Completely stressed out before my treatment started, I had an epiphany: I decided to let my brilliant doctors do their jobs, while I would do what was within my realm of possibilities and carry on my life as normally as possible.

I danced, I laughed, I cried. I found humor in cancer. I found a crazy sense of fashion. I found loads of love. I found incredible, strong, outrageous fellow survivors. Cancer patients are a special lot.

Life continues with all its craziness and tenderness and awesomeness and humor and heartbreak and love.

You can do it.
I wrap you in a big, warm hug—

Dagmar

Author, I Am with You

WHAT HELPED ME THROUGH THE ANGST

My yoga practice has helped me greatly throughout my first phase of treatment. Sometimes, it was just sitting on the mat in my class, feeling connected and being part of a community.

P.S. Don’t forget to talk to your “wig girl.” She is an endless source of information!

 

 

 

GOT CANCER: Now What?

Paige Davis

There is really nothing that can prepare you for a cancer diagnosis. It is a shocking and momentary devastation that is overwhelming on so many different levels—physically, emotionally, and spiritu- ally. But perhaps the greatest challenge is identifying the imme- diate logistical next steps of what a diagnosis means while you are trying to process these levels.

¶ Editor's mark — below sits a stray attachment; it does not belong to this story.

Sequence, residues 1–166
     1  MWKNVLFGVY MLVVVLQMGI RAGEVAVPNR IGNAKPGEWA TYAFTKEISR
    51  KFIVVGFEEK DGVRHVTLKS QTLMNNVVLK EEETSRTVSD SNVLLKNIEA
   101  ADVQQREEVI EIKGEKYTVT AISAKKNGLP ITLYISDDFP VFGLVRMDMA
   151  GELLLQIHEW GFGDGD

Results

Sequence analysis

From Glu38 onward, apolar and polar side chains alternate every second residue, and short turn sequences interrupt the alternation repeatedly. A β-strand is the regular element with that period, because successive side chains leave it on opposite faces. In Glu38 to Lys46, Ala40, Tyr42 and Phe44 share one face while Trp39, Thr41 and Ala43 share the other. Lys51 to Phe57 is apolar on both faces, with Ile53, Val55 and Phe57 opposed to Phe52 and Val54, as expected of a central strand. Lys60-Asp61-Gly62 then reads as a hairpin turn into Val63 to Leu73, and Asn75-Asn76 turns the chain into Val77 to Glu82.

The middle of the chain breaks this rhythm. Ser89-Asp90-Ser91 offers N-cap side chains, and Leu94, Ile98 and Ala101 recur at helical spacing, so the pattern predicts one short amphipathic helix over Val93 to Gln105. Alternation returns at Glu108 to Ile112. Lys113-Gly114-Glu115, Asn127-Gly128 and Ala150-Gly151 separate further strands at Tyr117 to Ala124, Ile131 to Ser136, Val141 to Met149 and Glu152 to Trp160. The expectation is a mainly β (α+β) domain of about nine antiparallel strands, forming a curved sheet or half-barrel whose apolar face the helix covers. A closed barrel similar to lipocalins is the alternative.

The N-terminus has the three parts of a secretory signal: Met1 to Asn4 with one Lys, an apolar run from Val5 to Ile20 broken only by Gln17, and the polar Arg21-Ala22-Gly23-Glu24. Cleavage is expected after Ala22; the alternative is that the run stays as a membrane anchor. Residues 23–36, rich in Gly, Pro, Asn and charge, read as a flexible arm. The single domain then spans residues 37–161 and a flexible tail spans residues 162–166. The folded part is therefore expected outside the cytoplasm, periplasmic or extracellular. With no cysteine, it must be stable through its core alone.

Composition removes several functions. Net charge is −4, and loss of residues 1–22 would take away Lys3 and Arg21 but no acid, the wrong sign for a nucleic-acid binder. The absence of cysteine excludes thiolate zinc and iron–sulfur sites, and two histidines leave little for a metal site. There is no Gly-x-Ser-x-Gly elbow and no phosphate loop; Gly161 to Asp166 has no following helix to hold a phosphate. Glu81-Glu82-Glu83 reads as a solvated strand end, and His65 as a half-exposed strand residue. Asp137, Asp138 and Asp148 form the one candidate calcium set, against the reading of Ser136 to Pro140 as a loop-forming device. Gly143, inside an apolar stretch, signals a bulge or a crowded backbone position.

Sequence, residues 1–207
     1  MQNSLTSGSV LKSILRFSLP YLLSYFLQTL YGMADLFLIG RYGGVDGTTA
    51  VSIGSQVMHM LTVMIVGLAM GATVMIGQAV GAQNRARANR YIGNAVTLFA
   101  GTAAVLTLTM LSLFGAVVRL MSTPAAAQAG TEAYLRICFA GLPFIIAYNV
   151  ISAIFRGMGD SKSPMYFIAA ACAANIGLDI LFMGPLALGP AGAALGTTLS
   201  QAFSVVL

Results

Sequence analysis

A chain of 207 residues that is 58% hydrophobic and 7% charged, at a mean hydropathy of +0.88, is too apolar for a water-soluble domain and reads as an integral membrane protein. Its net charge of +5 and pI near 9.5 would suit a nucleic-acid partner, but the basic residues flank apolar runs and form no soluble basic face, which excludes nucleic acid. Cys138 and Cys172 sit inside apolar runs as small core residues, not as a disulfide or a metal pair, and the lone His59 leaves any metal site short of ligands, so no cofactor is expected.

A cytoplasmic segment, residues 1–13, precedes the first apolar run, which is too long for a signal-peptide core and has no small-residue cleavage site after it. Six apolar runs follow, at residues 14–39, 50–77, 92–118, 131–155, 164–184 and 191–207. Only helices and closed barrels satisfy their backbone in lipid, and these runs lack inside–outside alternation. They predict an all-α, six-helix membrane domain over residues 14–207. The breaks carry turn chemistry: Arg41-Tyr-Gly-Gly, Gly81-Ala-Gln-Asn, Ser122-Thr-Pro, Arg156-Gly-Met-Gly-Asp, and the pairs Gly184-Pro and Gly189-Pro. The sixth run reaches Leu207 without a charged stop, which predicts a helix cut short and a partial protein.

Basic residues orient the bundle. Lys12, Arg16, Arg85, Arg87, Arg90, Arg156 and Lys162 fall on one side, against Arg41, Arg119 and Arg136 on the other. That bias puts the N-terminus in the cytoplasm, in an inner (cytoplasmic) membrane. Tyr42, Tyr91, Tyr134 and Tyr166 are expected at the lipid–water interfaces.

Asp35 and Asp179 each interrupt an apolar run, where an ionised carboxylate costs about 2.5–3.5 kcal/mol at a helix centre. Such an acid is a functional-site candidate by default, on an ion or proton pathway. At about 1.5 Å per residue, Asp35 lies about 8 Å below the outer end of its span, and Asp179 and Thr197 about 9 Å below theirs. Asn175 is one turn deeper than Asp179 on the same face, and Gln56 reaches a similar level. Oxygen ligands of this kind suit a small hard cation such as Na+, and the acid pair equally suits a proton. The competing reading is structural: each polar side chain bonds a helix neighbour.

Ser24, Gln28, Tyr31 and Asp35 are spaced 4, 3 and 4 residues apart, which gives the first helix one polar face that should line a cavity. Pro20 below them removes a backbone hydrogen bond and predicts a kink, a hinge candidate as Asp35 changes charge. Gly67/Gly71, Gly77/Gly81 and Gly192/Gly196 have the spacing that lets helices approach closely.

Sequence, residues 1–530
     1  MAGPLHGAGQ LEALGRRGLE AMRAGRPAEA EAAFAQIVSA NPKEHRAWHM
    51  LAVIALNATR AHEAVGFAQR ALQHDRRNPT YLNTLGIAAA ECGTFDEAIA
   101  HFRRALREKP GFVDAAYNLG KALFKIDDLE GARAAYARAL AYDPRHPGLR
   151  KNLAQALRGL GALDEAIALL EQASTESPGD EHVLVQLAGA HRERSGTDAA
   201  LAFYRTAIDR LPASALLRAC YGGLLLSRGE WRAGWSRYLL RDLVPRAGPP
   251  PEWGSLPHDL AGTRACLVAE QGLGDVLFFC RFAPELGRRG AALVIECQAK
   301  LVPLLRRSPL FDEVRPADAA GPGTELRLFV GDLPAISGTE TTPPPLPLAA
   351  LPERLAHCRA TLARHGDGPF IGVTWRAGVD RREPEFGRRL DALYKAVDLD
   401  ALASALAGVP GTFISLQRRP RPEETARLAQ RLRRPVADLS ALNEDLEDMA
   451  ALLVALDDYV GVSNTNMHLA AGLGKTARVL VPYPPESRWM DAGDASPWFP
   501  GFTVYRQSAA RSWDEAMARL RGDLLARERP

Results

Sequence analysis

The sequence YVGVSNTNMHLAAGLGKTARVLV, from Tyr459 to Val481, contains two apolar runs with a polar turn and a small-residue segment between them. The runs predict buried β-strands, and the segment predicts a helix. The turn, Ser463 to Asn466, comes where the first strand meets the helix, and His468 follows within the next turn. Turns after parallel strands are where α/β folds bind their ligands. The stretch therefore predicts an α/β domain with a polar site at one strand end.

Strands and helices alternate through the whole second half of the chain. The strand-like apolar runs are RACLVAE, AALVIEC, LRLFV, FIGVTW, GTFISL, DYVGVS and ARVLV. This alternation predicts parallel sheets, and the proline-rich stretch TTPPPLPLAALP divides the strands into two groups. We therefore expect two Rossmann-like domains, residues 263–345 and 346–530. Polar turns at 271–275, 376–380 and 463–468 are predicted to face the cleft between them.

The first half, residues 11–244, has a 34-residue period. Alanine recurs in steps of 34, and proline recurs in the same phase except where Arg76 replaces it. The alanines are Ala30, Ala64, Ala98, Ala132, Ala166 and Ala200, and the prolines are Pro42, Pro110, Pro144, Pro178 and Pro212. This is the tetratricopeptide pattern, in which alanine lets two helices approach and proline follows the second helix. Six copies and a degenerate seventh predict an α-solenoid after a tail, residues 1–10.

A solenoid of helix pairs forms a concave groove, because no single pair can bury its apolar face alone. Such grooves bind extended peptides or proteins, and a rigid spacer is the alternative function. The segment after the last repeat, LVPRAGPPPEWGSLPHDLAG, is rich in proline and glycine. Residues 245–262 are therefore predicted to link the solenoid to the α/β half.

Below is a “best of the best” advice list, that I both learned through experience and received from others during those first few weeks of my cancer diagnosis. I have found these to be helpful to my personal journey (realizing that for everyone it is different).

1. It’s okay to freak out.

Yes, this is a big deal. You could die.

2. You probably won’t die.

Or at least you don’t have enough information to know yet. Many cancers are very treatable, so honor the initial freak out and start arming yourself with some information to empower your journey.

3. Find a team you trust.

The number one recommendation that I wish someone had told me was to meet with an oncologist first (versus a surgeon). An oncologist will talk you through the type of cancer you have and provide a recommendation of a treatment plan and ideally a recommendation of a surgeon he or she trusts. An oncologist is likely to provide more of a holistic and emotional understanding of the disease, whereas some surgeons (although not all) tend to be more straightforward and direct in their approach.

For my family and me, this direct approach from a surgeon as our rst consultation was too shocking and harsh. In hindsight, perhaps it was simply because it was our first meeting and denial was met head on with reality. I ultimately ended up at MD Anderson with the same treatment plan as was prescribed by the first surgeon we met, but the approach was so much different.